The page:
Paths – p. 176 An illustration of how one man can affect history and his society. A guy named Manziga arose among the Mabiti people in the Congo Basin and single-handedly united several Houses. His son continued to conquer surrounding people and unite them under his rule, the concept of The Big Man. For those familiar with African ethnic groups, this revolution of one generation led the people to change their name to the Mangbetu. Moreover, the constant evolution of societies in this huge region (as large as the continental U.S.) recalls similar developments in Europe at the same time as Europe emerged from the Middle Ages.

Seed – p. 121 The seventeenth century New England sermons were very long, two hours, and you got two of them on Sundays. Depictions of this institution show very bored congregants but the author, Fischer, says not at all. The sermons were tightly reasoned and people sat “on the edge of their seats.” (perhaps because the pews were backless benches). So that made me wonder if this following of closely argued scripture served to heighten the intellectual capacity of New Englanders, thus leading to the intellectual supremacy of that part of the country.

Birth – p.50 Battalora cites a Japanese-American who talks about being asked by cab drivers where he’s from and complimenting on his English when he is as American as they are. She mentions how Italians became White and promises to cover that in a later chapter. My dad was a bit ambivalent about his relationship to what we called WASPs (White Anglo-Saxon Protestants) and I doubt if his family of origin saw themselves the way a Scandinavian might see himself as blending into the White population here.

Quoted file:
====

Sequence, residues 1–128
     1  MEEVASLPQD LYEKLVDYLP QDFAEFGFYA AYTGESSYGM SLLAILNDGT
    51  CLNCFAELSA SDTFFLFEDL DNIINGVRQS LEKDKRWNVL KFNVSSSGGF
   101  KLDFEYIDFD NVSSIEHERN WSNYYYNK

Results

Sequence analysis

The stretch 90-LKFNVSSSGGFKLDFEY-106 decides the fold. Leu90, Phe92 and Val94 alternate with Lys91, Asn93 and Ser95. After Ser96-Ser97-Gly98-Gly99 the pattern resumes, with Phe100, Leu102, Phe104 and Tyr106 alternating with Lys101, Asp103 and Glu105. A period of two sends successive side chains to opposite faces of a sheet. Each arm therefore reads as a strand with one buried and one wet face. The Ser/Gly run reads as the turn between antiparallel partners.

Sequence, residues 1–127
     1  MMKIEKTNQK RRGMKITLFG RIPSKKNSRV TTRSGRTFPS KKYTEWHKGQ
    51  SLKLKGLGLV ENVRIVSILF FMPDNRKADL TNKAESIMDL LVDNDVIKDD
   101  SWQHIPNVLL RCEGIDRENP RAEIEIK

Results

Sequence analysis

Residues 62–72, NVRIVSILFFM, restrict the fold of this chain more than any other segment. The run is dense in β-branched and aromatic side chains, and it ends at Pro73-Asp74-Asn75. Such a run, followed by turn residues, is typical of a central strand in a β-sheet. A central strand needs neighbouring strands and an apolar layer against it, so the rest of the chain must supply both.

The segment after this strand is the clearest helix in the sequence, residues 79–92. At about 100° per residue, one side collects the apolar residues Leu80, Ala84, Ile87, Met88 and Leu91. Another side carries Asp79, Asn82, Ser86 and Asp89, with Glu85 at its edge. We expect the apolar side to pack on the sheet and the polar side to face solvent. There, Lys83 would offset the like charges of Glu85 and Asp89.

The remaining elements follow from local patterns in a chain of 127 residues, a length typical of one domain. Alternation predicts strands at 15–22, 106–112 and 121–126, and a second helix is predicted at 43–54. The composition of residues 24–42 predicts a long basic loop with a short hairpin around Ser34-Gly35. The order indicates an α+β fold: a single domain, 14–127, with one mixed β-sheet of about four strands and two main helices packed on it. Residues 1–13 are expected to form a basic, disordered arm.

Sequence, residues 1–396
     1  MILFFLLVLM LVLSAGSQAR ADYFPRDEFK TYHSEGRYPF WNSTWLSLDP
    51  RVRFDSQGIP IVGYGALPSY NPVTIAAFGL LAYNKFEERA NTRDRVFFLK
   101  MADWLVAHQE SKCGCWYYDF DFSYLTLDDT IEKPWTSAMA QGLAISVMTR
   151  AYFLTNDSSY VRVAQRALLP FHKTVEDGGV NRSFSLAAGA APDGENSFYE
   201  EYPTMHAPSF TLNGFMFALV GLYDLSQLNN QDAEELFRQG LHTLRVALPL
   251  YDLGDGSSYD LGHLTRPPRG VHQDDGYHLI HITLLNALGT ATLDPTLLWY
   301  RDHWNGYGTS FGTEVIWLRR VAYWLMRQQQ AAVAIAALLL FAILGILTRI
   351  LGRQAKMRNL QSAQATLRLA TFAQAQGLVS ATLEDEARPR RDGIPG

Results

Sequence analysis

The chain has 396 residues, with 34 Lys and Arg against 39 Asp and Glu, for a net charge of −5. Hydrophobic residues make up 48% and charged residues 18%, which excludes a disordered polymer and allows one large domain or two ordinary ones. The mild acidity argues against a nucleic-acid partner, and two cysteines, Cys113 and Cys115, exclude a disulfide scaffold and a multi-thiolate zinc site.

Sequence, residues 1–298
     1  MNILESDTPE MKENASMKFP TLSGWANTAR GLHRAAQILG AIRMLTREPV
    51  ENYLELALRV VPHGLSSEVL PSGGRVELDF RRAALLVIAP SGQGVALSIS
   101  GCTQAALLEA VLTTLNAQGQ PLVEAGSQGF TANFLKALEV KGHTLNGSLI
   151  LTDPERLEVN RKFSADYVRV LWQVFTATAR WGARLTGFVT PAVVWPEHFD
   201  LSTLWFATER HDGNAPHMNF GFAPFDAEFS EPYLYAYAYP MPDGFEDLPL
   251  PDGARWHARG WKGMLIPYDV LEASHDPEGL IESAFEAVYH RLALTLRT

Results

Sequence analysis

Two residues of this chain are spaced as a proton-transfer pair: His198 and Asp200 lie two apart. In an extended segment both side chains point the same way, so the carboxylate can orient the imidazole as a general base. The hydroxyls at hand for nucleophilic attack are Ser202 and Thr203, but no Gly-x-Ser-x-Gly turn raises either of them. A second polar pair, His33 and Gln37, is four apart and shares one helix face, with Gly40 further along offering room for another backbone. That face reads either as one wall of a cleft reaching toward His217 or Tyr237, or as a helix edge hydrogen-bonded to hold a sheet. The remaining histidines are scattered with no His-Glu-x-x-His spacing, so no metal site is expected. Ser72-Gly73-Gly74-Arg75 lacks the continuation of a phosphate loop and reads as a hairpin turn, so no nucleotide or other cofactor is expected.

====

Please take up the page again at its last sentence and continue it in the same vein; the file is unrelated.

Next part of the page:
Kofi – p. 150 I was confused as Agawu covered what I thought were “idiophones” but turned out to be “conspicuous words.” Once I realized I had been thinking of “idiophones” and not Agawu’s “ideophones,” I got into it a little more and was reminded how Black singers in the U.S. use a great many vocal devices to enhance the feeling tone of their singing.

Flash – p. 25 The figures of the Yoruba god Eshu are found not only in Cuba and other places with a large Afro-Latin population but in the U.S., too where populations from the Caribbean have had an impact. I myself have a votive candle with the figure of Eshu aka Elegbara aka Legba painted on it.

Pluto – p. 84 The author quotes a Wall Street ‘yeoman’ who launched a screed against what he called the predators, people you hate not because they are rich – no, we admire that – but because they cheat, “privatized gains and socialized losses.” She tells us the real trouble will start when the top 1% rise up against the top 0.1%.